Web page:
AN OPEN-AIR community space to replace Dollis Hill House has been met with disapproval by those who campaigned to save the listed building.
Brent Council has revealed an artists' impression of the venue to replace the 19th Century former haunt of Prime Minister William Gladstone and author Mark Twain, which is being demolished following approval by Eric Pickles, secretary of state for communities and local government.
English Heritage has approved the plans for the garden-style tribute in Gladstone Park that includes a memorial to the house and a performance space for community use, on a historical backdrop to include reclaimed brick work and a window from the delapidated building.
The project is being billed as a 'lasting legacy' by the council, but campaigners said they are sunhappy with the outcome.
Martin Redston, of the Dollis Hill House Trust which campaigned for the building to be restored as an arts centre and cafe, said he spoke both as a member of the trust a taxpaying Brent resident when he told The Observer: "I deplore the fact that they are demolishing it.
"I regret that they did not seem to work with the community on this, and I am appalled that they do not see a need for an arts community centre in the south of the borough."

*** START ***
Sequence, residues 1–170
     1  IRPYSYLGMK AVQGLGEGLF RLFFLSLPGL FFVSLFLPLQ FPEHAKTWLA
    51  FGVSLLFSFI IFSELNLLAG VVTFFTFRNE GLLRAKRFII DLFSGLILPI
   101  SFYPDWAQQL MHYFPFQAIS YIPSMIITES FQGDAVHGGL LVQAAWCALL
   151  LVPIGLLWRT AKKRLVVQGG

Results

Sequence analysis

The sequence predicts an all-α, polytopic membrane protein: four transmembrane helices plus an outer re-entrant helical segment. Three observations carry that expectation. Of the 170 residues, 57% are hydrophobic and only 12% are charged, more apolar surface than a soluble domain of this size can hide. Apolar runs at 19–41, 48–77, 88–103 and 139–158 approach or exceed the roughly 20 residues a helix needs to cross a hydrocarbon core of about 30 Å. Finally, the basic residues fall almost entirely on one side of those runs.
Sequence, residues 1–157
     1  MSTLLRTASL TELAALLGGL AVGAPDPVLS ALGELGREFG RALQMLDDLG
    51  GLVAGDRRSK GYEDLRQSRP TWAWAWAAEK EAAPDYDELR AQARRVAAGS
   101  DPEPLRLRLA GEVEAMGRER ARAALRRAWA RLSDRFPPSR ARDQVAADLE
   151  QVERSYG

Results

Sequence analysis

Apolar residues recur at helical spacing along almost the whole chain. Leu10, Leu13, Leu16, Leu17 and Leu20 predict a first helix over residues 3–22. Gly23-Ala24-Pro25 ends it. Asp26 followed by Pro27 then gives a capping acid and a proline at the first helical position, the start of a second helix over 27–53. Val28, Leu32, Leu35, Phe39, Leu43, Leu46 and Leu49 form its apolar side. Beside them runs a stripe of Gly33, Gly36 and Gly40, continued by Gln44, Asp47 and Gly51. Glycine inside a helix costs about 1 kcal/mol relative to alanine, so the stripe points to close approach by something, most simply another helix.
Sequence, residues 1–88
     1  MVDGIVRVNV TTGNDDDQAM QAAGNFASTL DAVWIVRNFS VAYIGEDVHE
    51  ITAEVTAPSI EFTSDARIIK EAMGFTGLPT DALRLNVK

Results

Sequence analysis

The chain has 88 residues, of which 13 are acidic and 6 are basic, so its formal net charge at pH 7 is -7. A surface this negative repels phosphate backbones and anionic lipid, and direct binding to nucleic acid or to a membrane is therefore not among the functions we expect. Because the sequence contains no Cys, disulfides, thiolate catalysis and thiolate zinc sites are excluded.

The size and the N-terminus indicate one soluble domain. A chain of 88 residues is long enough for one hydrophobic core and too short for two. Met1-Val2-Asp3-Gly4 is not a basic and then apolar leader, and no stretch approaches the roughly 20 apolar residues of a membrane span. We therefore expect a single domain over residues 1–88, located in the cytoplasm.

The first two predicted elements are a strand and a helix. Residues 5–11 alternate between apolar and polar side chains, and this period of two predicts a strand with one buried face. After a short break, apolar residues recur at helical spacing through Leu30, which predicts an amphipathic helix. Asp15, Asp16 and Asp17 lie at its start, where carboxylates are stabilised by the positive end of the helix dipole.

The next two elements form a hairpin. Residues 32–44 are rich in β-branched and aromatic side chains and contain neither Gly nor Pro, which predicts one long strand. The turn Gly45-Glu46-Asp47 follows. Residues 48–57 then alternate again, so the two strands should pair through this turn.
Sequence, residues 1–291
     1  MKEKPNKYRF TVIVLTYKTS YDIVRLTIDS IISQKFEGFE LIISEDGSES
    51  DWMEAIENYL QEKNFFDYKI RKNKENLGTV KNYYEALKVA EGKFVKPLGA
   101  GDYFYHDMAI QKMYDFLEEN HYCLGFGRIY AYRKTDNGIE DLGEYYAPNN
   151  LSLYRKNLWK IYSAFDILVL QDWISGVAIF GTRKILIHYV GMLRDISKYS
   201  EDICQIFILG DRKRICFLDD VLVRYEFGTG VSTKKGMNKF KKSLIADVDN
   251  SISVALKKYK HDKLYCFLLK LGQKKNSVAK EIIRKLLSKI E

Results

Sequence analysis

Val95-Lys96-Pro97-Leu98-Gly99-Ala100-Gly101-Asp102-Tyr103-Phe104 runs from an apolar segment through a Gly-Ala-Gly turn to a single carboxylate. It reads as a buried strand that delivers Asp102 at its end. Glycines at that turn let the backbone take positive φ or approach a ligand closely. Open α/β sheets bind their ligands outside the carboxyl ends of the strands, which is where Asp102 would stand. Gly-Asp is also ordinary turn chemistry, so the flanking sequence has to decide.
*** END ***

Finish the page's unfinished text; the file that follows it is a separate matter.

Trustee Patricia French, who started campaigning to save Dollis Hill House in the 1980s, said: "It's not necessary to have another garden, we already have one nearby (the walled garden).
"I am writing to people to try and get more support and I would urge readers to write to the council to show their feelings on this."
The house was closed in 1994, and has since been subjected to four arson attacks. The council said it tried unsuccessfully to secure a viable future for the house and it was 'costly to maintain'.
Brent Council lead member for environment and neighbourhood services, James Powney said: "We have always been mindful of Dollis Hill House's history and I am happy there will be a lasting legacy to honour it. Currently the building is unsightly and costly to maintain.
"Next spring, for the first time in nearly two decades the site will once again be available for public use."
The demolition, which started last week, is expected to be complete by the end of January.
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